Valparaiso | Valparaiso’s Brauer Museum of Art hosted an opening reception for two special shows representing a “chronological overview” of the major movements in art history Friday evening.
Beginning with “Purple Grackle,” an original hand-colored John James Audubon engraving and works of the Hudson Valley movement, and ending with the art of abstract expressionism, realism and photorealism, guests were treated to about 100 original pieces in the show "Selections from the Permanent Collection." A second show, "Glimpses of Grace: Digital Collages by E. John Walford" highlighted the work of Walford, a retired Wheaton College art history professor.
Museum director Gregg Hertzlieb dubbed Walford’s work as the “fresh and invigorating” art of juxtaposition using digital images assembled with a computer.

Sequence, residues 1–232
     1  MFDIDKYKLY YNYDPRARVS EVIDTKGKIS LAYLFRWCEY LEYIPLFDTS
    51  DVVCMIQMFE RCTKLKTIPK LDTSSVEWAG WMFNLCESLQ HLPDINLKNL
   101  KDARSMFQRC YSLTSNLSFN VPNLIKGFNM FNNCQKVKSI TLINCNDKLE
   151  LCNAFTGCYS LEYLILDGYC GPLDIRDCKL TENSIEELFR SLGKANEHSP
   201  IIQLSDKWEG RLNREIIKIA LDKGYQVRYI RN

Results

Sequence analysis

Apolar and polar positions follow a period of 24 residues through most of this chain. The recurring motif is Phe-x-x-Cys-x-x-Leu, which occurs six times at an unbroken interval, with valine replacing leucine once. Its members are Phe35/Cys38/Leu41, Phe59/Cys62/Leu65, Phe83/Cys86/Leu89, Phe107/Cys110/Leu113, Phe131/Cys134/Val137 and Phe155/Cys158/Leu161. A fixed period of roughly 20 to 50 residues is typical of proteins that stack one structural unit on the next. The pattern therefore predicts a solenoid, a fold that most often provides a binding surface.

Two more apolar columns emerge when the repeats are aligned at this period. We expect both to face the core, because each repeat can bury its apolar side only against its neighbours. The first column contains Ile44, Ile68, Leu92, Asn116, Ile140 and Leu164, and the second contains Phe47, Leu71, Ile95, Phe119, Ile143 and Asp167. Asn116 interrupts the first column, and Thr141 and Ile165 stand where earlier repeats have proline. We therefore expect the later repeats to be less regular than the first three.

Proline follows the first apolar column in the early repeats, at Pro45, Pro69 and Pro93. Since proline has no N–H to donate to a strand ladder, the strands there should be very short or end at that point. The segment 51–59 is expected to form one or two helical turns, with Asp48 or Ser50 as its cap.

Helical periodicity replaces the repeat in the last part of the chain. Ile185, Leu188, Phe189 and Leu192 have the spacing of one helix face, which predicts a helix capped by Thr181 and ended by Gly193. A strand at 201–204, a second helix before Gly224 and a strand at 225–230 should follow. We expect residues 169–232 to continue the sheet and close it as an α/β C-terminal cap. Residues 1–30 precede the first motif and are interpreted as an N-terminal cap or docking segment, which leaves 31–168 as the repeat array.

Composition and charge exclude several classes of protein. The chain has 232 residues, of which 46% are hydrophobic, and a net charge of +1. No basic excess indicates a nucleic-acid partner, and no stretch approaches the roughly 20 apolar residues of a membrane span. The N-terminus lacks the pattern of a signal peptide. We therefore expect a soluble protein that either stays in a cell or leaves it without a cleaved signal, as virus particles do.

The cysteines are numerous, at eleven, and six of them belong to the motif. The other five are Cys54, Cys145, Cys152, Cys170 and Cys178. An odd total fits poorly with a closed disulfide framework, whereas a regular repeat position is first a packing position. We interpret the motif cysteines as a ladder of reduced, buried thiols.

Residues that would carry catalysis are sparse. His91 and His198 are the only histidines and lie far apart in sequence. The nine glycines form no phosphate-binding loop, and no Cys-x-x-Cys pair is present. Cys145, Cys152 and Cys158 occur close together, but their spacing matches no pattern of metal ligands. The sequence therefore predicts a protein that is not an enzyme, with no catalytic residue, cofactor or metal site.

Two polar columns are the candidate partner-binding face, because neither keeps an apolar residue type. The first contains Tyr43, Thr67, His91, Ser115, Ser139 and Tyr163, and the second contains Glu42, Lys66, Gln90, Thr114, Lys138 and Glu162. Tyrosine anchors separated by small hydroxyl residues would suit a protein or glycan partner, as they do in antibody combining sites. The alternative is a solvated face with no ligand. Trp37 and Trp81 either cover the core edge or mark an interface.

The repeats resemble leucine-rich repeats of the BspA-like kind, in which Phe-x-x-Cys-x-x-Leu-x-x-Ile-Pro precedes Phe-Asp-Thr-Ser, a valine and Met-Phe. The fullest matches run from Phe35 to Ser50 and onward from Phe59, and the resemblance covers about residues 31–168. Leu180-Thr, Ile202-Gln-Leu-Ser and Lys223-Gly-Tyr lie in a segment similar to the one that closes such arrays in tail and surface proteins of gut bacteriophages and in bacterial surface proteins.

The university initially received 400 pieces of art in the early 1950s from retired Chicago public school teacher Percy Sloan, the son of portrait painter Junius R. Sloan, which are displayed in the Sloan gallery.
Hertzlieb called the Sloan donation, including 276 pieces by Junius Sloan, as a “museum starter kit.”
Pieces in the show displayed in seven of the museum’s galleries also included those of the impressionism period, the Ashcan school group of artists, and early modernism.
Two originals by dunes artist Frank V. Dudley, “Sandlands Evening Song” and “Where the Dunes Grasses Turn,” represent the “regional face of impressionism,” said Hertzlieb.
Hertzlieb, who said the museum owns nearly 3,500 works of art, opened the show with a brief presentation of the periods represented in the galleries.
“This is an ongoing, constant process,” said Hertzlieb. “It is truly a labor of love.”
Hertzlieb told the crowd that the museum is “the envy of everyone who comes through.”
“It is a work of art itself in addition to the art that’s on the walls,” Hertzlieb said.